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During the last winter journey through Russia, I was haunted by this cute little bear while driving through the Kostroma and Vologda regions. He suddenly appeared at the most unexpected spots - on an abandoned and decaying bus stop in the middle of a deserted village, on old billboards, and in some small shops along the way. I didn't recognize the symbolism of the Olympic rings on the bear's belt, but later learned "Мишка" was the mascot of the 1980's Olympic Games in Moscow.

I
too am an 80's child. Being born in 1973, I experienced the 80's in full force, at the height of my teenage years. However, it's difficult to find a common thread when comparing American cultural symbols from the 80's and prior decades with the treasured symbols from the same Soviet periods. This is not surprising given that our nations were seen as political and strategic enemies at that point in history, and sadly even now to a certain extent. The bear played an integral role in the last place I visited during the journey, the "Museum of the Socialist Way of Life", located in Kazan. Let's take a look inside...Read more... )
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It was a Saturday morning tradition in my youth. My sister and I would awake early, run to the couch, and sit there for hours in our pajamas watching cartoons. What a relief for our parents! We were quiet, and they could sleep in. :) My favorite was "The Smurfs." These blue creatures were always on some spooky adventure, and I loved it. There was mystery, humor, intrigue, and even a female vixen who constantly distracted the male Smurfs. Feminists hate this imaginary blue seductress, and they created a popular theory called "The Smurfette Principle," which criticizes the way females are typically portrayed in cartoons. You can read about it here. To some extent I agree. I strongly dislike the classic Disney princess stories, where the helpless female is sitting around waiting for an imaginary prince to rescue her. Modern day Disney cartoons are much better, and the idea of a "princess" has evolved to include not only a beautiful woman, but a smart one also, with strong, charismatic personality traits.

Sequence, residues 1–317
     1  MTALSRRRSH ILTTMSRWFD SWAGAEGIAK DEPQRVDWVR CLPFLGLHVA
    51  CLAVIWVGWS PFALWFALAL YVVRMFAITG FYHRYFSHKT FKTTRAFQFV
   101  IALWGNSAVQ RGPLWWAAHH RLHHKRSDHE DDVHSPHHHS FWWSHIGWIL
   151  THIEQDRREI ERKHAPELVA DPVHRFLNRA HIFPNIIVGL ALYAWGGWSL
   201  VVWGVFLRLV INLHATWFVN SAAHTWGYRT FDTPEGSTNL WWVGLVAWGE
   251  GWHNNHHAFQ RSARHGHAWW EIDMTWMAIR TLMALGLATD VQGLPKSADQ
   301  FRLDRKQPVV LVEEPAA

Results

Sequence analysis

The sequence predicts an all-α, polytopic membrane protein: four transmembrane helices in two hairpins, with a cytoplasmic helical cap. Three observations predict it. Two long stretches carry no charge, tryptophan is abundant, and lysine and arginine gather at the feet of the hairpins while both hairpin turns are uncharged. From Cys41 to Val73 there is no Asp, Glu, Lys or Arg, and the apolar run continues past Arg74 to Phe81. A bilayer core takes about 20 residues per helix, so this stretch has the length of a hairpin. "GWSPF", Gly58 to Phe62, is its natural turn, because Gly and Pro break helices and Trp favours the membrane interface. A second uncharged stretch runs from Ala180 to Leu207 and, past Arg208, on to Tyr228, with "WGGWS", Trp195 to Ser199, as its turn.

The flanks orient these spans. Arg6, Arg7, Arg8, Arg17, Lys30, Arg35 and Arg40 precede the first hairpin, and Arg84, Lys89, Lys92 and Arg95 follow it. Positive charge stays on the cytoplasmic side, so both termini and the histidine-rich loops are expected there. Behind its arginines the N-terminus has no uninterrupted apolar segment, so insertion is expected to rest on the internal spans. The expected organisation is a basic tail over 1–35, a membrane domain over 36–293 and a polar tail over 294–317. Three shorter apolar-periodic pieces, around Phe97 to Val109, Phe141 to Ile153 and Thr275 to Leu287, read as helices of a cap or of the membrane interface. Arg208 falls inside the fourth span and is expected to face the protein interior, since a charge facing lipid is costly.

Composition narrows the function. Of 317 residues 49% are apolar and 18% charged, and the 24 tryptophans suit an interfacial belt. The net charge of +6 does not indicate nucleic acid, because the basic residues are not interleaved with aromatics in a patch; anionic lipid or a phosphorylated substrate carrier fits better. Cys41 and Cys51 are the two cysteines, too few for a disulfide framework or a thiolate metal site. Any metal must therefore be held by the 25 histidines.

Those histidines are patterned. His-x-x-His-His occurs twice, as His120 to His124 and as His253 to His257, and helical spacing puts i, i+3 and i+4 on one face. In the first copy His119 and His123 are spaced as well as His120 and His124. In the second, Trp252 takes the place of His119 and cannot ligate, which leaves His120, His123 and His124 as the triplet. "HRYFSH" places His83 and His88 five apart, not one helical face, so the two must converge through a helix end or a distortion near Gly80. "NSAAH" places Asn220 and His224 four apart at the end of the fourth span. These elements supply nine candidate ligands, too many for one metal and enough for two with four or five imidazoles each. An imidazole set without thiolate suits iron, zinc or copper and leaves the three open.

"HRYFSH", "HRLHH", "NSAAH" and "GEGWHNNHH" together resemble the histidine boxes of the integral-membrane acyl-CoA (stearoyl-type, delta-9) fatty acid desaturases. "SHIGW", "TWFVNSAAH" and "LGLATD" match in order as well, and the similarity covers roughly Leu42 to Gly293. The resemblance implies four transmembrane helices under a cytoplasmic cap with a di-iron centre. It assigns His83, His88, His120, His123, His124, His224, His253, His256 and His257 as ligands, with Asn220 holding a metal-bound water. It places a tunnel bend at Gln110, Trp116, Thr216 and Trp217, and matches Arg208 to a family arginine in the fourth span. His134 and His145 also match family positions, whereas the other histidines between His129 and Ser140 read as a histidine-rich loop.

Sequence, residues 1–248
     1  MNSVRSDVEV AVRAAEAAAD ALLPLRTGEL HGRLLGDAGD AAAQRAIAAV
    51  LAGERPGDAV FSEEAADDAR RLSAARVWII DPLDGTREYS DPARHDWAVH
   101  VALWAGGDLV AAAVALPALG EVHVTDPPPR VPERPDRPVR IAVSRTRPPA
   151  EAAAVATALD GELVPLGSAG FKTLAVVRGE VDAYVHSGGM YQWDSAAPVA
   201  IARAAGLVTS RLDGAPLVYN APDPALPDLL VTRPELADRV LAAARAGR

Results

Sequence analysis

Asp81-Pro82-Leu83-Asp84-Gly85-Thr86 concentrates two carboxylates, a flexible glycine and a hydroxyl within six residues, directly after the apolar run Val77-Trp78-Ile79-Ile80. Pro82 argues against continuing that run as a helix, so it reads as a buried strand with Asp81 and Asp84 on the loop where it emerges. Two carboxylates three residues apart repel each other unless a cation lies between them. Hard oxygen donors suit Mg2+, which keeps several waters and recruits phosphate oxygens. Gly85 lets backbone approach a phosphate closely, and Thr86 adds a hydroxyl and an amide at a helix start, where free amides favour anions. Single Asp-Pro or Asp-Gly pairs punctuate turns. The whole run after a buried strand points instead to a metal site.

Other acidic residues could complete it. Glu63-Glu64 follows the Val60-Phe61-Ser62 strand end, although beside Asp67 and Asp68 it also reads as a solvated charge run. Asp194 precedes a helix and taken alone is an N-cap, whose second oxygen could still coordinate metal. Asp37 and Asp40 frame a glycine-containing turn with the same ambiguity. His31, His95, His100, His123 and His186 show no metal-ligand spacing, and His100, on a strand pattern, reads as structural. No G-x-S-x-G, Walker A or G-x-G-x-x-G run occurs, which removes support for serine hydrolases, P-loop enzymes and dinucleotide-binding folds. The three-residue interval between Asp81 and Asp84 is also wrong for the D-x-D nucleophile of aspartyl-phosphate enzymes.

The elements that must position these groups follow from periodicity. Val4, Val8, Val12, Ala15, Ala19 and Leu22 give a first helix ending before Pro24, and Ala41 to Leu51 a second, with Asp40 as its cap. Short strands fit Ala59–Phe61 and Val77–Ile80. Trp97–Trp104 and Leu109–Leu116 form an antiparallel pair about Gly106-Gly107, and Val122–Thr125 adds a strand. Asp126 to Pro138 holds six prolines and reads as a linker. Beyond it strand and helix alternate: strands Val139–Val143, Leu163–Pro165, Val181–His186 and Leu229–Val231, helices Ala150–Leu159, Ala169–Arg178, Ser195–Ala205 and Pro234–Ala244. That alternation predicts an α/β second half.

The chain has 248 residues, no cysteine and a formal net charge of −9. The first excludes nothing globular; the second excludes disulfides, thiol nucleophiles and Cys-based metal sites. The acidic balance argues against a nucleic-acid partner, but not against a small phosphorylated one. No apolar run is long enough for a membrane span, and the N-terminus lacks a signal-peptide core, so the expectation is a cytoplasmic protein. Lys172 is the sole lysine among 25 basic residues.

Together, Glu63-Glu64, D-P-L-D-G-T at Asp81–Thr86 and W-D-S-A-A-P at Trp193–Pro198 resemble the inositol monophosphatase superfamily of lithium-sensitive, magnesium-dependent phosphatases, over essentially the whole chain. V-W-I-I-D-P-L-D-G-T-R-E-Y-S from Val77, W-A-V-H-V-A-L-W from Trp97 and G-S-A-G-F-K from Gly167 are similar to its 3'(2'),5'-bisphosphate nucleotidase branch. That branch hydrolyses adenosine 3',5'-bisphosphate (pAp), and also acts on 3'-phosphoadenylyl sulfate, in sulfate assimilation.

Today, a reader sent me a Ukrainian folk cartoon, and I remember watching clips of Soviet cartoons on YouTube with [livejournal.com profile] macos during his first visit to the U.S. He introduced me to "Hedgehog in the Fog" and others. I fell in love with this adorable, fluffy character "Чебура́шка." :)

What's your favorite Soviet cartoon?


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If time travel ever becomes possible, I would transport myself back to Moscow or the province in the 1970's or 80's to better understand the realities of life in Soviet times. Looking at old photos in books or online, I can hardly envision such a system of life where everything is so structured and predestined. This is the eternal debate amongst my older Russian friends and readers - the pros and cons of life in the USSR vs. modern day Russia. Tonight I read an article written by a man who was only nine years old when the Soviet Union collapsed. However, he claims this was long enough to form a strong enough opinion about life in the USSR to know that he never wishes to return. His observations seem a bit shallow and naive on the surface. He takes a few of the most commonly expressed strengths of the Soviet system, and explains why they are misconceptions. Please remember these are not my personal views, but the opinions of a former resident in the Soviet Union. Let's begin with education...Read more... )